I am always looking for materials that create interesting textures on the printing plate. However, these textures do not always print well or consistently. In part, this is because the variations in depth that are created by different materials cannot always be overcome by the printing press, even at the high pressures at which it operates.

Of course, this is entirely my fault, as I am constantly pushing at the edges of what the collagraph process can achieve. Often, the difference in depth between the lowest and highest areas of the plate is too great, resulting in poor impressions from those lower areas. recently, I have remedied this issue by making more robust plates with much less variation in depth, but I have also found an interesting material that makes the production of successful plates easy – carborundum paint.

Above: a plate smeared with carborundum paint

Like many of the techniques I have used to improve the quality and creative possibilties within my practice, the reference source is The Curious Printmaker, aka Emily Harvey. Inspired by Emily’s examples, I have used carborundum paint to daub, smear and drag marks on clear acetate sheets, which allow me to clearly see the marks made and the areas which will be unaffected or clear in the resulting prints.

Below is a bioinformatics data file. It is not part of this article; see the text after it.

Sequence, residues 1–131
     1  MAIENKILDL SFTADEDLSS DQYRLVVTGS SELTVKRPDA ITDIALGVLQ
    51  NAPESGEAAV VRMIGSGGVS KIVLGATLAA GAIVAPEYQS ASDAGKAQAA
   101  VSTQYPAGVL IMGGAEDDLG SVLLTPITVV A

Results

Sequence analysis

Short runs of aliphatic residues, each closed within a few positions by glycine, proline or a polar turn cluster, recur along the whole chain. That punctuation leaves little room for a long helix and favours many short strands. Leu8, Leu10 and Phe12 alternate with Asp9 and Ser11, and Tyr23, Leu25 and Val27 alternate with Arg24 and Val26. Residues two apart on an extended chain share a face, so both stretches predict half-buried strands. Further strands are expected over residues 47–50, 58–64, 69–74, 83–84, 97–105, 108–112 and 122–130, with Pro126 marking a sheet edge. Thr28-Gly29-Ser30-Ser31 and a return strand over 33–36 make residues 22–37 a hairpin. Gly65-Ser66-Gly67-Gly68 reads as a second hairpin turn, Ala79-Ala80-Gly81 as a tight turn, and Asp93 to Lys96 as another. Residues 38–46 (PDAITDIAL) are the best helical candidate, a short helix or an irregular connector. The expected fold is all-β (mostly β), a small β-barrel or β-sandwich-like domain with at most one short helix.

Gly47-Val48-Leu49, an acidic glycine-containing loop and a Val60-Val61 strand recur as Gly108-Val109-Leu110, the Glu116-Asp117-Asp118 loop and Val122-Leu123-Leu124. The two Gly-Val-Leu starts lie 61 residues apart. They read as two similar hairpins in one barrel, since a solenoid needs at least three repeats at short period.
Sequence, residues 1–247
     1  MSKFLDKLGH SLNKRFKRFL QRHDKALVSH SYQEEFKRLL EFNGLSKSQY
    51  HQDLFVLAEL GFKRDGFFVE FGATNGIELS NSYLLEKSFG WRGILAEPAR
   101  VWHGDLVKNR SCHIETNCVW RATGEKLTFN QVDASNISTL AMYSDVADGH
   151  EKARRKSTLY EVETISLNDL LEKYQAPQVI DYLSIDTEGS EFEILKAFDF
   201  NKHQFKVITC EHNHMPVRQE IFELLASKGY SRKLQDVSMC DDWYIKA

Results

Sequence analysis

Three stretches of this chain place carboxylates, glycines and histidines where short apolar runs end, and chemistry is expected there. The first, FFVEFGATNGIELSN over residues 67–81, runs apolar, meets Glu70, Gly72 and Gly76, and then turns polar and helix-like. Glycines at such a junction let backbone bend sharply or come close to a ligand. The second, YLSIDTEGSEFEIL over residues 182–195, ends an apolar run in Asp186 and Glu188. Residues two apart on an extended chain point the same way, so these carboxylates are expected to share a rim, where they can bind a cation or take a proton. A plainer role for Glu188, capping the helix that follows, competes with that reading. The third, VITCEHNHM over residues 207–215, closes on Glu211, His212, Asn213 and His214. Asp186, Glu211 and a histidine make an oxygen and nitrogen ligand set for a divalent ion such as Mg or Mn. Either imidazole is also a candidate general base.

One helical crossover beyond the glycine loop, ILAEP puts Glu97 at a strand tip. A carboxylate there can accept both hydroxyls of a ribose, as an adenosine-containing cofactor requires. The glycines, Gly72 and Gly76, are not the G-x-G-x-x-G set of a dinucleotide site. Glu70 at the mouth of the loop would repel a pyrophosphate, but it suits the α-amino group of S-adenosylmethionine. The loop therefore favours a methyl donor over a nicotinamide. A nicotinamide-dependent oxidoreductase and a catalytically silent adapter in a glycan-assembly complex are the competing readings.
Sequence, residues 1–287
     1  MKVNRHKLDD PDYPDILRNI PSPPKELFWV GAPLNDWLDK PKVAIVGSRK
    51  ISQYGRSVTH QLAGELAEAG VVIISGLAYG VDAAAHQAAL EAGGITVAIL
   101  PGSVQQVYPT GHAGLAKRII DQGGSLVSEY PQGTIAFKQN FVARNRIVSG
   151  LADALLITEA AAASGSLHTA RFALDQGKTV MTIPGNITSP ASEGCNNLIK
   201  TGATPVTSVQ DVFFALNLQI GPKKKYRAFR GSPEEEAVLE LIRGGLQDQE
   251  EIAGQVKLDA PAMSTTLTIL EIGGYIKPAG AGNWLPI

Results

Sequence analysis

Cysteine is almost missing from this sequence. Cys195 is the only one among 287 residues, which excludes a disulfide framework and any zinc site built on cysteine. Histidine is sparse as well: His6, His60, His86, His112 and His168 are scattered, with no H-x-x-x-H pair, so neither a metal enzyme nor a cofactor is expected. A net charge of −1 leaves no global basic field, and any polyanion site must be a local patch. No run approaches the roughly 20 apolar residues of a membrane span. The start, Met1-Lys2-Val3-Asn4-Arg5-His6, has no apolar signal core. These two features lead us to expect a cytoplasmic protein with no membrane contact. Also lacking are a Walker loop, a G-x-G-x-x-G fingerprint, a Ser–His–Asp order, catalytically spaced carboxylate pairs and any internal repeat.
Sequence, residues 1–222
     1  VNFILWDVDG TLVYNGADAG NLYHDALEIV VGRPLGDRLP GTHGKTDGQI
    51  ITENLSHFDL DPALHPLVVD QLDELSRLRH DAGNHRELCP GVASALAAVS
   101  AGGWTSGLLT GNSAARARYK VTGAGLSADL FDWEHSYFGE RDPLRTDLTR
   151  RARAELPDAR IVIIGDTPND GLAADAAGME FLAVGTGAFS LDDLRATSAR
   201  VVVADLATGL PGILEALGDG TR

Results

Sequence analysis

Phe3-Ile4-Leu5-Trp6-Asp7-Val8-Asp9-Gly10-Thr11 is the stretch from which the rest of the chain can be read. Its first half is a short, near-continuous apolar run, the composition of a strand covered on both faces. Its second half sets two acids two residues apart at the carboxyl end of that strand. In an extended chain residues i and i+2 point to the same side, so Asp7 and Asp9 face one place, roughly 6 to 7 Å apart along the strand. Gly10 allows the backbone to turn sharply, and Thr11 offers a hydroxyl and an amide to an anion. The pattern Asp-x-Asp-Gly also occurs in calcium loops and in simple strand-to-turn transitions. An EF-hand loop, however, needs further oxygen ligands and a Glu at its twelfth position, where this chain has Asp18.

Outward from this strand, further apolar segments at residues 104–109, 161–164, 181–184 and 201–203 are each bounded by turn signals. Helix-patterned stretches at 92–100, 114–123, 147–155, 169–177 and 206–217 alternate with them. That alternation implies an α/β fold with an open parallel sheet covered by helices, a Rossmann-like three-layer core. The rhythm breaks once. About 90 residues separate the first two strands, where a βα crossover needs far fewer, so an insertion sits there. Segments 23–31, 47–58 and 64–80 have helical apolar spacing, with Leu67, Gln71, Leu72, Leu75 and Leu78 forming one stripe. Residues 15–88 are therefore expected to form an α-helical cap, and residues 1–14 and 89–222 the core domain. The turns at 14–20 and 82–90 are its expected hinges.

Above: more carborundum paint plates

Above: prints made from the plates

Above: print detail

My printmaking approach is largely about spontaneity and the abstract – producing the most interesting marks and images that I can, without planning or ‘design’.  The paint has allowed me to remain close to essence of this ethos, safe in the knowledge that the marks will print consistently and will remain robust for throughout a greater number of impressions. This will make the creation of larger editions possible, if I choose.

Link to Emily’s blog post:


Find all my posts about my print stories on Twitter at: #artprintstories